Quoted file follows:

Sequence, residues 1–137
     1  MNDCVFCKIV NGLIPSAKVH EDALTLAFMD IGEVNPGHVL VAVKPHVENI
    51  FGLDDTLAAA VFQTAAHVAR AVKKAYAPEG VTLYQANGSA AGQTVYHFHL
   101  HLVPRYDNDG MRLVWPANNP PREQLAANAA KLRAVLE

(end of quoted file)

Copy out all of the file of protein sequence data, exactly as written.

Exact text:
Sequence, residues 1–137
     1  MNDCVFCKIV NGLIPSAKVH EDALTLAFMD IGEVNPGHVL VAVKPHVENI
    51  FGLDDTLAAA VFQTAAHVAR AVKKAYAPEG VTLYQANGSA AGQTVYHFHL
   101  HLVPRYDNDG MRLVWPANNP PREQLAANAA KLRAVLE